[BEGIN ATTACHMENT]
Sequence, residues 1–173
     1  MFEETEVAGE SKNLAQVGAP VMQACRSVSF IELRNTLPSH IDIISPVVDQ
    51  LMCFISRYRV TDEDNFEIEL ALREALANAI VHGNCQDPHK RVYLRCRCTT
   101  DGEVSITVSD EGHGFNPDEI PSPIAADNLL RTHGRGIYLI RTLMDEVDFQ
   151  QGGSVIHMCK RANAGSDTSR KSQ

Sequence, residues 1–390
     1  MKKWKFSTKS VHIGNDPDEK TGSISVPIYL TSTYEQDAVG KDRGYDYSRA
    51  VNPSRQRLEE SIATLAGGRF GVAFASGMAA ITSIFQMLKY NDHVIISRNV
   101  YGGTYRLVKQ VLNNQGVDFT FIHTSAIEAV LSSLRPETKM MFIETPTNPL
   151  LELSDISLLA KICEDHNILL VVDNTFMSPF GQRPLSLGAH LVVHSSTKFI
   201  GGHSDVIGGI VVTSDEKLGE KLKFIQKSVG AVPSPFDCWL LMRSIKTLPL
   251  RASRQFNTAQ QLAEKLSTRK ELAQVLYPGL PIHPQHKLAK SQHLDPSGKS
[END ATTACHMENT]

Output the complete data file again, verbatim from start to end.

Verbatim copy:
Sequence, residues 1–173
     1  MFEETEVAGE SKNLAQVGAP VMQACRSVSF IELRNTLPSH IDIISPVVDQ
    51  LMCFISRYRV TDEDNFEIEL ALREALANAI VHGNCQDPHK RVYLRCRCTT
   101  DGEVSITVSD EGHGFNPDEI PSPIAADNLL RTHGRGIYLI RTLMDEVDFQ
   151  QGGSVIHMCK RANAGSDTSR KSQ

Sequence, residues 1–390
     1  MKKWKFSTKS VHIGNDPDEK TGSISVPIYL TSTYEQDAVG KDRGYDYSRA
    51  VNPSRQRLEE SIATLAGGRF GVAFASGMAA ITSIFQMLKY NDHVIISRNV
   101  YGGTYRLVKQ VLNNQGVDFT FIHTSAIEAV LSSLRPETKM MFIETPTNPL
   151  LELSDISLLA KICEDHNILL VVDNTFMSPF GQRPLSLGAH LVVHSSTKFI
   201  GGHSDVIGGI VVTSDEKLGE KLKFIQKSVG AVPSPFDCWL LMRSIKTLPL
   251  RASRQFNTAQ QLAEKLSTRK ELAQVLYPGL PIHPQHKLAK SQHLDPSGKS